Senior figures within the party are said to be furious at the Corporation’s coverage of the election, saying it has been tainted by pro-Labour bias.
One senior Tory said: “The BBC coverage has been ridiculous. They have consistently failed to challenge [Jeremy] Corbyn and have run Labour re-announcements with glee.”
Outrage has been particularly focused on last week’s TV debate with various party leaders where it was claimed the audience was heavily biased in favour of left-wing views.
Conservatives have shown the recent TV debate as an example of BBC bias
The audience had been selected by polling company ComRes, who had been hired by the BBC, to represent voter intention.
During the broadcast Home Secretary Amber Rudd appeared to be almost constantly heckled while Mr Corbyn was usually cheered.
The Prime Minister’s joint chief-of-staff Fiona Hill wrote a formal letter of complaint to the corporation’s Director General Lord Hall after the live broadcast.
The TV election debate – in pictures Wed, May 31, 2017
The televised debate saw Jeremy Corbyn, Amber Rudd, Paul Nuttall, Caroline Lucas, Angus Robertson, Tim Farron and Leanne Wood go toe-to-toe
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The politicians taking part in the debate
Everyone is massively f****d off with the BBC. It’s not just the debate, it’s the whole tenor of their coverage
A Cabinet minister said: “I would love the BBC to start demonstrating some impartiality but we haven’t seen it during this campaign.
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“The bias in the audience for the TV debate was horrifying – Amber should not have had to put with that. The BBC need a really good going over after the election – they are just not impartial.”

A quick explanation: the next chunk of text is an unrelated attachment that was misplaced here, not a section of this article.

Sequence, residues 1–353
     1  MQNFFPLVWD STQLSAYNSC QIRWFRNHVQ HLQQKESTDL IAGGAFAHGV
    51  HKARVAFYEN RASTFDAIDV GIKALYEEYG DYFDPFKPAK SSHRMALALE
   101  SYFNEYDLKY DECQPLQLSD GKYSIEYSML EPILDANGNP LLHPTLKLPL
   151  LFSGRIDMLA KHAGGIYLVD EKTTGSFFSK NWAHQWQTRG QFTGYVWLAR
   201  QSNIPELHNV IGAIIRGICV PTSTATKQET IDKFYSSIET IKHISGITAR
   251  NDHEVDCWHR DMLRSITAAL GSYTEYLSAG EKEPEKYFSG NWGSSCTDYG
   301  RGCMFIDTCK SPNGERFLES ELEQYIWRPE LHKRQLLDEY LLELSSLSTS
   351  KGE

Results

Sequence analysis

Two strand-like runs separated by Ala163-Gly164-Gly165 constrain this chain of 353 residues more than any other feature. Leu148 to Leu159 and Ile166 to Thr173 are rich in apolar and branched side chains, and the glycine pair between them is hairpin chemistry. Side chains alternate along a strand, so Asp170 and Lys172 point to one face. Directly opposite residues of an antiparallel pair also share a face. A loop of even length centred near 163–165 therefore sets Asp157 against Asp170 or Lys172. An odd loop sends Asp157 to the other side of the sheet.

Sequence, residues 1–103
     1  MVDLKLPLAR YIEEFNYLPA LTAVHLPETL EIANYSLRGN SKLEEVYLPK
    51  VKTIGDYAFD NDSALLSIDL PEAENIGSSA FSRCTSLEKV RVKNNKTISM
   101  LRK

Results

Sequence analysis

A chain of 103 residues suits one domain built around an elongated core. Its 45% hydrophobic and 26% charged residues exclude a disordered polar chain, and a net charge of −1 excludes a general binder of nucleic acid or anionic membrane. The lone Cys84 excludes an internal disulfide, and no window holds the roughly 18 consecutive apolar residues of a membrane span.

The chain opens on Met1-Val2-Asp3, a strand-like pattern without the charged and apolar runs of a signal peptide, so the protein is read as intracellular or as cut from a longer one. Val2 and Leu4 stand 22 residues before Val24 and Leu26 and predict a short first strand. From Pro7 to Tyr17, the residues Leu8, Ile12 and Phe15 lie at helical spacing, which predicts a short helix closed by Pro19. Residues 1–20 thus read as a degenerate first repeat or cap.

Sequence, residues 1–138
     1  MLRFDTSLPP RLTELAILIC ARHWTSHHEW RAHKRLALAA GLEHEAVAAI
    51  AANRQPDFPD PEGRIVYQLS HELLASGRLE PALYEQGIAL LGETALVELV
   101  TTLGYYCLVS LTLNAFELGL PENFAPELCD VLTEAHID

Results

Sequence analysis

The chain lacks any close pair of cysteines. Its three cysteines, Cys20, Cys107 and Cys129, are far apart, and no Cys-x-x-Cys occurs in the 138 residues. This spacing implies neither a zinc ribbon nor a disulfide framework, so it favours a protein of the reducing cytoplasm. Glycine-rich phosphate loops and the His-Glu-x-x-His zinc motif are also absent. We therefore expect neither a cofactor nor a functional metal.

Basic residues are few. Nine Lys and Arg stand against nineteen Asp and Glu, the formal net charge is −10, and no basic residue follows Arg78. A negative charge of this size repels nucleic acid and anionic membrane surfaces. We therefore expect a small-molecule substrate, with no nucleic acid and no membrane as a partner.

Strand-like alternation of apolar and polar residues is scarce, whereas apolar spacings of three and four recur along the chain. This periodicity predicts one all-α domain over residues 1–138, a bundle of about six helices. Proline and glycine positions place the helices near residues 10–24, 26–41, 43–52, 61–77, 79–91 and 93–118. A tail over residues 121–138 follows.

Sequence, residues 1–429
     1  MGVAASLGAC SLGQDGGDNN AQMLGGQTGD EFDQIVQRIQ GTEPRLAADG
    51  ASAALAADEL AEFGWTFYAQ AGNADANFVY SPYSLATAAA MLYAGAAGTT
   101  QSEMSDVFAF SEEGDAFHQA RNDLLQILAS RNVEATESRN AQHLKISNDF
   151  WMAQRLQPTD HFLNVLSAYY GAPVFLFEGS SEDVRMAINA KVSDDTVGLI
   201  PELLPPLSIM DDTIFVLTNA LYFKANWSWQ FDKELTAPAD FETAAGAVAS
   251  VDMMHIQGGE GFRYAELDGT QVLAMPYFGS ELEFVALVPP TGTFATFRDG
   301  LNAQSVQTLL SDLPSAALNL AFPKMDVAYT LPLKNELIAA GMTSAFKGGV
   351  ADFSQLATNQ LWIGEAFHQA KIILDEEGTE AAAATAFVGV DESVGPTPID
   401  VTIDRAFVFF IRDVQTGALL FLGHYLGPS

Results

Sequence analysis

But Tories are said to have wider concerns about the broadcaster than just the election coverage.
Amber Rudd (R) is quizzed by Mishal Husain during the BBC TV debate
Another senior Conservative said: “Everyone is massively f****d off with the BBC. It’s not just the debate, it’s the whole tenor of their coverage.”
Senior figures also point to the BBC adopting Labour’s “dementia tax” rhetoric when discussing the party’s controversial social care concerns.
They have also been angered by the focus on cuts to the police force in the wake of the London Bridge terror attack despite the insistence by the former terror tsar Lord Carlile that the argument is “completely misleading”.
Tim Farron (L) and Jeremy Corbyn take part in the BBC debate
Conservative figures also point to the BBC’s alleged lack of attention to Mr Corbyn’s history of opposing anti-terror laws.
When Boris Johnson appeared on Radio 4’s Today programme yesterday and tried to raise the issue of the Labour leader’s track record he was repeatedly interrupted by presenter Mishal Husain.
Amber Rudd (L) and Ukip's Paul Nuttall during the BBC debate
Other criticisms of the BBC, levied by the Tories, include an undue focus on opinion polls in order to focus on the collapsing Conservative vote and Conservative policies often being given scant coverage.
The BBC defended its coverage, saying in a statement: “Our coverage of all political parties during the election campaign has been fair, and we rigorously scrutinise the issue on behalf of the public so that our audiences have clear and impartial information about the issues that matter to them.”